Sarasota County Commissioners on Tuesday voted to move ahead with a controversial redistricting plan ahead of the 2020 elections.
“It’s more common sense and simpler to do it now,” said County Commissioner Nancy Detert, also a former state senator who was in the Legislature when lawmakers were ordered to redraw congressional districts after the 2010 census.
The redistricting decision months after Sarasota County voters approved a change to single-member district elections. Commissioners previously were required to live within represented districts but were elected countywide.
Supporters of that change pushed back against redistricting ahead of the 2021 census.
“I feel it is fiscally irresponsible to spend this money when in two years, you will have the census,” said Marcela Levin. “You are going to have to go through another consideration once get official numbers back.”
But commissioners ultimately voted 4-1 in favor of redrawing the liens now, saying its important to have balanced districts for the first single-member district vote.
The only dissenting vote came from County Commissioner Christian Ziegler. Notably, he expressed deep concerns with a switch to single-member voting. But he said spending money, upward of $50,000, on redistricting seemed the wrong direction.
“I am not sold on it,” he said, citing the weight of the coming census.
But he also dismissed much of the opposition as partisan. Ziegler, also vice chair of the Republican Party of Florida, said he believes the push for single-member districts comes largely from Democratic political forces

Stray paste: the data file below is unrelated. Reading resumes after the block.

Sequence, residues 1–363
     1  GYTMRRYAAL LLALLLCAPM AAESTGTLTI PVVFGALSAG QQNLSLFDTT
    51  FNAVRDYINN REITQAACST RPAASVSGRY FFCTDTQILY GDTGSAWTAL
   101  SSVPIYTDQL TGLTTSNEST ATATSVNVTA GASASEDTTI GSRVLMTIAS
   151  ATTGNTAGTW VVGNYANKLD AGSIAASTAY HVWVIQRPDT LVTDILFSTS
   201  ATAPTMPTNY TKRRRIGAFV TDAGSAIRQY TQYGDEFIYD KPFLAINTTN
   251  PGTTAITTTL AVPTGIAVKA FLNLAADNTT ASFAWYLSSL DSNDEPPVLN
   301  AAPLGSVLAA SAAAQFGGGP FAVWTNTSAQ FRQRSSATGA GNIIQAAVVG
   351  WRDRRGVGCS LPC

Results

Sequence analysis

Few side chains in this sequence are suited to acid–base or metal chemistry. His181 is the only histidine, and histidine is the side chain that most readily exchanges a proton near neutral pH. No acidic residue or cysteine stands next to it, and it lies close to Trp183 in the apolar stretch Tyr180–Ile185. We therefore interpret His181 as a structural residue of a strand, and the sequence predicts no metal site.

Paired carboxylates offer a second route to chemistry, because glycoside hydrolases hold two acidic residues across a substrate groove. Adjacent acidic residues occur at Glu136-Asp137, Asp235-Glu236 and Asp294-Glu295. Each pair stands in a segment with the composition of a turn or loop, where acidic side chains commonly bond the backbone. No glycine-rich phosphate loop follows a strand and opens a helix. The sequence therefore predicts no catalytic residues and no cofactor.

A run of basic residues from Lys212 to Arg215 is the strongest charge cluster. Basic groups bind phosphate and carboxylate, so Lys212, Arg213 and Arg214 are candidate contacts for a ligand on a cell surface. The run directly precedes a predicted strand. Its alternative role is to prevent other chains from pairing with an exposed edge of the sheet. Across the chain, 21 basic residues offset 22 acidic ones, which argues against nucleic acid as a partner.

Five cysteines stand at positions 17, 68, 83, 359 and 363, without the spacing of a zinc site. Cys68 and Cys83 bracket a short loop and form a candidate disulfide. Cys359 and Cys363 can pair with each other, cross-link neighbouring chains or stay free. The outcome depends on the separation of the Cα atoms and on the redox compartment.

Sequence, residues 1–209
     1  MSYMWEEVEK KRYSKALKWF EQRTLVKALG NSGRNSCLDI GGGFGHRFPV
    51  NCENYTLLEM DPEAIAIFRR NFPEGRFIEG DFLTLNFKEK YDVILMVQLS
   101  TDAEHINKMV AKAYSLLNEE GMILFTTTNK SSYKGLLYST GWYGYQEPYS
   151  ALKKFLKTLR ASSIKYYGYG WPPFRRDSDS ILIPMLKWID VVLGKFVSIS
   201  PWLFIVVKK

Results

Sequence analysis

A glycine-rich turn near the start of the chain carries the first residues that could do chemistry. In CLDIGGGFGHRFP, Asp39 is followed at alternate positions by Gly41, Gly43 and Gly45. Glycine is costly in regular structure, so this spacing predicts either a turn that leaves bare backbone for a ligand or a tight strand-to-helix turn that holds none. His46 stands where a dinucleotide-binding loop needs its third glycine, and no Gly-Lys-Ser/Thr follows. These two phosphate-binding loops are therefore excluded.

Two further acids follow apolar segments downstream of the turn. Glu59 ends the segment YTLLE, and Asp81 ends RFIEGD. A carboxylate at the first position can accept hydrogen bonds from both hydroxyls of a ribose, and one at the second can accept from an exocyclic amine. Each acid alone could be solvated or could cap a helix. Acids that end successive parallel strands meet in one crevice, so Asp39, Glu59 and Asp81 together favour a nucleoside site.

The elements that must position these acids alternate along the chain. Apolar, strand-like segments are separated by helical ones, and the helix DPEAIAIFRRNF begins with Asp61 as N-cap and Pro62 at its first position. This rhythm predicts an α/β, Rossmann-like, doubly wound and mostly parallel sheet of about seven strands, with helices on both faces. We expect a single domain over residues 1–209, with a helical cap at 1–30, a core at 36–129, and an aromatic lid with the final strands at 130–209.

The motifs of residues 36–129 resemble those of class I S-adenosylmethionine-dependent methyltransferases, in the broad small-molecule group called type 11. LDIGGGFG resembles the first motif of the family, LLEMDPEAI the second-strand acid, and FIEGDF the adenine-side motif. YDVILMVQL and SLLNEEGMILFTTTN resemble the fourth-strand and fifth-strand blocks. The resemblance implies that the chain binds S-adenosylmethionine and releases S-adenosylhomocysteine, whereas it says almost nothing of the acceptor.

No Democrat has been elected to the Sarasota County Commission in decades, but under current lines, District 1 would host a majority of Democratic voters. Commissioner Mike Moran, the Republican now representing District 1, can seek reelection in 2020.
Detert has pushed for months for the county to consider redistricting. She served in the Florida Senate during the statewide reapportionment process in 2011. The commission has hired Kurt Spitzer, who also worked on the statewide redistricting, to provide numbers in Sarasota County.
Already, the county had paid Spitzer around $17,000 to provide estimates on county district populations based on current lines.
Spitzer, relying primarily on estimates from the University of Florida’s Bureau of Economic and Business Research, found more than a 12-percent difference in population for Districts 2 and 5.
The estimates show Sarasota County has 417,442 residents, and ideally each district will have 83,448 residents. That means District 2 is about 3,898 short while District 5 has 6,336 too many residents.
Notably, voters in Districts 1, 3 and 5 are set to vote in 2020 for commissioners. But any voters moved to even-numbered districts will not get to vote for another two years. Even then, if the county commission redistricts again in 2021, as expected, voters could be moved from even-numbered to odd-numbered districts.
But County Commissioner Charles Hines suggested that if the census confirms Spitzer’s data, it’s possible the district lines drawn this year can remain in place.
Hines argued that case law requires the commission to redistrict now in the name of equal protection. Otherwise, voters in large districts could sue the county for watering their vote down. Hines cannot seek reelection because of term limits.
State law requires the commission to analyze districts again based on the U.S. Census results after 2020. It also states redistricting can only be done in odd-numbered years.